The billionaire's efforts to reshape the site have been both swift and chaotic. Musk has fired many of the company's 7,500 full-time workers and an untold number of contractors who are responsible for content moderation and other crucial responsibilities. His demand that remaining employees pledge to "extremely hardcore" work triggered a wave of resignations, including hundreds of software engineers.
Users have reported seeing increased spam and scams on their feeds and in their direct messages, among other glitches, in the aftermath of the mass layoffs and worker exodus. Some programmers who were fired or resigned this week warned that Twitter may soon fray so badly it could actually crash.
Trump lost his access to Twitter two days after his supporters stormed the Capitol, soon after the former president had exhorted them to "peacefully and patriotically" protest. Twitter dropped his account after Trump wrote a pair of tweets that the company said cast further doubts on the legitimacy of the presidential election and raised risks for the Joe Biden presidential inauguration.
After the Jan. 6 protest, Trump was also kicked off Facebook and Instagram, which are owned by Meta Platforms, and Snapchat. His ability to post videos to his YouTube channel was also suspended. Facebook is set to reconsider Trump's account suspension in January.
In a speech at an auto conference in May, Musk asserted Twitter's ban of Trump was a "morally bad decision" and "foolish in the extreme."
Earlier this month, Musk, who completed the $44 billion takeover of Twitter in late October, declared the company would not let anyone who had been kicked off the site return until Twitter had established procedures on how to do so, including forming a "content moderation council."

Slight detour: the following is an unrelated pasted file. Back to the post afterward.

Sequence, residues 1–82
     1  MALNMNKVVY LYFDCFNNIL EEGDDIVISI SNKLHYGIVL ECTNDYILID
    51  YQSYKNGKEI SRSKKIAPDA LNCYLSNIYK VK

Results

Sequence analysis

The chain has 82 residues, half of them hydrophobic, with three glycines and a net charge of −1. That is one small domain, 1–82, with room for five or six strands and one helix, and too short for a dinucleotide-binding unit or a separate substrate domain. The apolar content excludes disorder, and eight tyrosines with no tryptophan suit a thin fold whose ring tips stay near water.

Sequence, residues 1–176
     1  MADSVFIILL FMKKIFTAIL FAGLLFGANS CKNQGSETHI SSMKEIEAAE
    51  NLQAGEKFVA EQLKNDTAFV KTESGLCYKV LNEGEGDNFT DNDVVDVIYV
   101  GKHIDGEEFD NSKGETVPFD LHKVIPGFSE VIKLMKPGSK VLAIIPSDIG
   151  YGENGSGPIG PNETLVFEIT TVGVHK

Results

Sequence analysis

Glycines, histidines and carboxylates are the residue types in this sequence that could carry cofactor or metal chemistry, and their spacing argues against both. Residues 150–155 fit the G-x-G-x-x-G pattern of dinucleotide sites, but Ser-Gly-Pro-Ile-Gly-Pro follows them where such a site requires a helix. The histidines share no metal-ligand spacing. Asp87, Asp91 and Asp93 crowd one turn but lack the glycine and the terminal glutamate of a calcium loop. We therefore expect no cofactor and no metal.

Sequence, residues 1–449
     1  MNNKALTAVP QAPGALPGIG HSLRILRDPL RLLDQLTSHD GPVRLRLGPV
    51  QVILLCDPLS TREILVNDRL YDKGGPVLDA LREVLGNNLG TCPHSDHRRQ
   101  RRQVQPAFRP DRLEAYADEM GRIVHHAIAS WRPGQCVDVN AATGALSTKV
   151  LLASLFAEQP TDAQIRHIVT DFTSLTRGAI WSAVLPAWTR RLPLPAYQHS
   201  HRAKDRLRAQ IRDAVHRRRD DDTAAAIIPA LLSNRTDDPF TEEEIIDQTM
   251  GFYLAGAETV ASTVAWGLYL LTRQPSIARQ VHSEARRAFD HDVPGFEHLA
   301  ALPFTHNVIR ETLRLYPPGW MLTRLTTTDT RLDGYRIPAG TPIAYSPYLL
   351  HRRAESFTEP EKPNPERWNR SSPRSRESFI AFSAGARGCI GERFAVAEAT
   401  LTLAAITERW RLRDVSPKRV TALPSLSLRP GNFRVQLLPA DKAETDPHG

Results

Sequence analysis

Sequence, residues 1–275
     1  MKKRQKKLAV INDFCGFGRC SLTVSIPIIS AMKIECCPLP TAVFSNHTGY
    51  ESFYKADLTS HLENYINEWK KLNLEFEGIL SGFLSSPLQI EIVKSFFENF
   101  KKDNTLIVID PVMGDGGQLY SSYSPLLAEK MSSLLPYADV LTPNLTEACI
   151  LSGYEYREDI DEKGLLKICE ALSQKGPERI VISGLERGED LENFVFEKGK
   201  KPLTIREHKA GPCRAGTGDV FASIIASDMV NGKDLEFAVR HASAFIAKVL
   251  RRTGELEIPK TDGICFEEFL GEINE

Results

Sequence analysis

Musk tweeted Friday that the suspended Twitter accounts for the comedian Kathy Griffin, the Canadian psychologist Jordan Peterson, and the conservative Christian news satire website Babylon Bee had been reinstated. He added a decision on Trump had not yet been made. He also responded "no" when someone on Twitter asked him to reinstate the conspiracy theorist Alex Jones' account.
In a tweet Friday, the Tesla CEO described the company's new content policy as "freedom of speech, but not freedom of reach."
He explained a tweet deemed to be "negative" or to include "hate" would be allowed on the site but would be visible only to users who specifically searched for it. Such tweets also would be "demonetized, so no ads or other revenue to Twitter," Musk said.
Bloomberg reported Twitter could fire more employees in its sales and partnership divisions, citing unnamed sources, just days after a mass resignation of engineers.
Information from Reuters was used in this report.
Eric Mack ✉
Eric Mack has been a writer and editor at Newsmax since 2016. He is a 1998 Syracuse University journalism graduate and a New York Press Association award-winning writer.